Producing quotes is a very common business practice, so common in fact that most of you reading this article have probably received at least one quote in your adult life. This could be for services such as home repairs or in your work life for a product or service you want to buy.

Quotes usually contain the following information as a minimum:

  • A description of the product or service you will receive
  • Pricing information for the product or service
  • A timeframe in which the product or service will be delivered/fulfilled
  • Billing information such as name, address, and agreed payment terms

Quoting in Salesforce is made easier when using products such as Salesforce CPQ, which allows users to add compatible products, insert relevant pricing, and generate standard quote PDF documents for prospects and customers. Having a seamless quoting process is vital for every business – without it you will struggle to communicate your offering to potential customers.

Creating comprehensive quotes is crucial to the lead-to-cash process, as the quote is what details the ‘cash’ portion of the transaction – in other words, how much will the product or service cost?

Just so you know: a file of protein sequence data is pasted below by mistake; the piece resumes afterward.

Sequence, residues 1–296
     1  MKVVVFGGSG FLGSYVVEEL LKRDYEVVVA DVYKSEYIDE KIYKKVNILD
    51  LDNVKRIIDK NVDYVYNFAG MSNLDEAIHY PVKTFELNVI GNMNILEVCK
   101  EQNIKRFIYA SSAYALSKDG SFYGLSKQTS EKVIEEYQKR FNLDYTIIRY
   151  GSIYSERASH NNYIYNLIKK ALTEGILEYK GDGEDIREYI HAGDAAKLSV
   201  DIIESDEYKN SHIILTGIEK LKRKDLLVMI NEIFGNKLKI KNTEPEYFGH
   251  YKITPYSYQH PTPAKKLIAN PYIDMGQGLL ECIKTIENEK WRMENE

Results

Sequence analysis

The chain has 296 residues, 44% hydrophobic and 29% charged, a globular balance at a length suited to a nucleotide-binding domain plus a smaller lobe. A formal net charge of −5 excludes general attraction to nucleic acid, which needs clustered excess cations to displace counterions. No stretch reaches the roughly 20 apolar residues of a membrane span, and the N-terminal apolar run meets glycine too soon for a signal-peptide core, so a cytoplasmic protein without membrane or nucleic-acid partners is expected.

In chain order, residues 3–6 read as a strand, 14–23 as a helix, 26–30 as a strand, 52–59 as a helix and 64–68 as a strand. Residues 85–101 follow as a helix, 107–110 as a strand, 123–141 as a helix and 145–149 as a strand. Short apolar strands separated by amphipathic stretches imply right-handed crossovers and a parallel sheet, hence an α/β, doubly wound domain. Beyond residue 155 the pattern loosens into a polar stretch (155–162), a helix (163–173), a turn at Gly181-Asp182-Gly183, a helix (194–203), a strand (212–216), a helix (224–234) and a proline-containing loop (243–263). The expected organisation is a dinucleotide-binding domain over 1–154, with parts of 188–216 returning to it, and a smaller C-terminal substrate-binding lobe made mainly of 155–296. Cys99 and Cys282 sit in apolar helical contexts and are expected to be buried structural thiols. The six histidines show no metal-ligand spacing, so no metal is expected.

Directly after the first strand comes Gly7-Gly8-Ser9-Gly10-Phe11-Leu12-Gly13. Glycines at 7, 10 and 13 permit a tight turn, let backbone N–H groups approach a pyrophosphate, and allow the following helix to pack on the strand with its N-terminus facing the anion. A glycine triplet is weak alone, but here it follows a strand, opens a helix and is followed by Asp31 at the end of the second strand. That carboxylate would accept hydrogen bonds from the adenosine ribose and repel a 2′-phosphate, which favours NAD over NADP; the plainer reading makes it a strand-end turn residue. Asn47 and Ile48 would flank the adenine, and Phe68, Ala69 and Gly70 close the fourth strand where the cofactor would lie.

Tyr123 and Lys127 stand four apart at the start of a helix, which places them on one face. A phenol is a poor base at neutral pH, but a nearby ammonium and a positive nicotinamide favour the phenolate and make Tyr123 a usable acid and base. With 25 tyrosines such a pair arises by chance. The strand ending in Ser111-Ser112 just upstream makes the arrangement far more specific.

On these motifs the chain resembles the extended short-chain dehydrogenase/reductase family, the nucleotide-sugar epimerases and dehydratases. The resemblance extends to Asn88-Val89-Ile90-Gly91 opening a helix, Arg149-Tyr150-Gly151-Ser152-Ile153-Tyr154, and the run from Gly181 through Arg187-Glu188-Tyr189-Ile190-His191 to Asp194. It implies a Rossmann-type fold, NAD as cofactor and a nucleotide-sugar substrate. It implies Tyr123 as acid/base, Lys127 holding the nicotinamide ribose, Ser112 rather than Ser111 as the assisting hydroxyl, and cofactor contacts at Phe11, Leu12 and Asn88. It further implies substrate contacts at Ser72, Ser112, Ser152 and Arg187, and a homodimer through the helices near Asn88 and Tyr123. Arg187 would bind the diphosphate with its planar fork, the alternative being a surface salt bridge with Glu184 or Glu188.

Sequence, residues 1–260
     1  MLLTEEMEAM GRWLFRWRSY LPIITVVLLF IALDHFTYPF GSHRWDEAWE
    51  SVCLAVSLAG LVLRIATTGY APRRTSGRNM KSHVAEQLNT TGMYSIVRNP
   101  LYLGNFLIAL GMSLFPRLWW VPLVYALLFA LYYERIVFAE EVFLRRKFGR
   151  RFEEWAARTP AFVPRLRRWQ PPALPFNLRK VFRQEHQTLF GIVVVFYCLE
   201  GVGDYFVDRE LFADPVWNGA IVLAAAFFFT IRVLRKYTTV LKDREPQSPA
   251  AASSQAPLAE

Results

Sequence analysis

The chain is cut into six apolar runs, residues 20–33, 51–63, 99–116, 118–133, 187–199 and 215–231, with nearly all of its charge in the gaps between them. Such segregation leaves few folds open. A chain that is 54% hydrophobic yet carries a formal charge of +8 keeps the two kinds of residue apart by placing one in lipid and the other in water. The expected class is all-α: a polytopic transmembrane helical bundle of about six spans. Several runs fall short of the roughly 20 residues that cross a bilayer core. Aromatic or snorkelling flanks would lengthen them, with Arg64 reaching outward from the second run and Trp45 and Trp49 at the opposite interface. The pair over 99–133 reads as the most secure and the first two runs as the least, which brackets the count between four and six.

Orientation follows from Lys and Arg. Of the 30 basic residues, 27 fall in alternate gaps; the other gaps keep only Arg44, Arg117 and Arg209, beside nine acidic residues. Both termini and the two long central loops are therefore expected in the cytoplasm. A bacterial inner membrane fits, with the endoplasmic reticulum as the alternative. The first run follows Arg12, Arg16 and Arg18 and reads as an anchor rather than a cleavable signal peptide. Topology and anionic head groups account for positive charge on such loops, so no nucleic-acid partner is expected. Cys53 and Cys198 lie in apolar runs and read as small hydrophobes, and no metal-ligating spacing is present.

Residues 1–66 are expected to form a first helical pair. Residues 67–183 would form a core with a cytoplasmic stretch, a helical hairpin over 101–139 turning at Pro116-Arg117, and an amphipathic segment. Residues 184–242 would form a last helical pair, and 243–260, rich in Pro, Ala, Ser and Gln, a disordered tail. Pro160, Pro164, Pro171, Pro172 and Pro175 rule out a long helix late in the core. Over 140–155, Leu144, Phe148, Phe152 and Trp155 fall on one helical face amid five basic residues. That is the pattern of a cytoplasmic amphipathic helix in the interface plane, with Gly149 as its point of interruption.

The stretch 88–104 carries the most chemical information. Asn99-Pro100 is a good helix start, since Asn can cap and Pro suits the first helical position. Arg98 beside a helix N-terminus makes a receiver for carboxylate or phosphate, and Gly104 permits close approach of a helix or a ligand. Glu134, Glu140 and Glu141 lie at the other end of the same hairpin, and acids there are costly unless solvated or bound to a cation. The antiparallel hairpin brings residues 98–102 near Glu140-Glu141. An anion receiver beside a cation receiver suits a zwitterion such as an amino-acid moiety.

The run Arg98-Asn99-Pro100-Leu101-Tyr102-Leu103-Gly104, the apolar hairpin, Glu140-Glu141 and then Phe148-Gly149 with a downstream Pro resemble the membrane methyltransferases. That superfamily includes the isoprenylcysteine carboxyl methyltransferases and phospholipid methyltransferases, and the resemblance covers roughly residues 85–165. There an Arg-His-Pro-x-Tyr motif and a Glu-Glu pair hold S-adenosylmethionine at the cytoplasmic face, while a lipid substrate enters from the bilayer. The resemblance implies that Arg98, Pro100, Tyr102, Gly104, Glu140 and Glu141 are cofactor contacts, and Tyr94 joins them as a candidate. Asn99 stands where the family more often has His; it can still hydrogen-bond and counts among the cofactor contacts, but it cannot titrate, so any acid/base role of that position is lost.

You might be thinking, how are quotes and proposals different? In some organizations, the term is interchangeable, but in others, they refer to different types of documents that are produced for prospects and customers. For the purposes of this article, a proposal is describing a document that includes, not only the quote for the product or service you’re selling, but also supplemental information about the product, service, or fulfillment.

Proposals can be multiple pages, whereas a quote may be only one page, or a few pages in length, depending on how many line items are being sold. Proposals are often overlooked in organizations and this leads to each seller creating their own style of proposal – something that is not only time consuming, but could impact the amount of deals won as a poor proposal could make or break a deal.

This is why it’s very important to work with the internal branding, marketing, or other relevant team to create standardized proposals for sales reps to use. This is usually best managed via a document generation tool that allows for content and templates to be created. Users can then simply generate a predefined document that pulls in their specific information such as the customer name, logo, pricing information, and more. Strong proposals will ultimately lead to more won deals, therefore more ‘cash’ in the lead-to-cash process.


Contracts are usually created as a result of a closed-won opportunity record, and can contain information like the products or services purchased, the specified term to use the product or service, the payment terms, and more.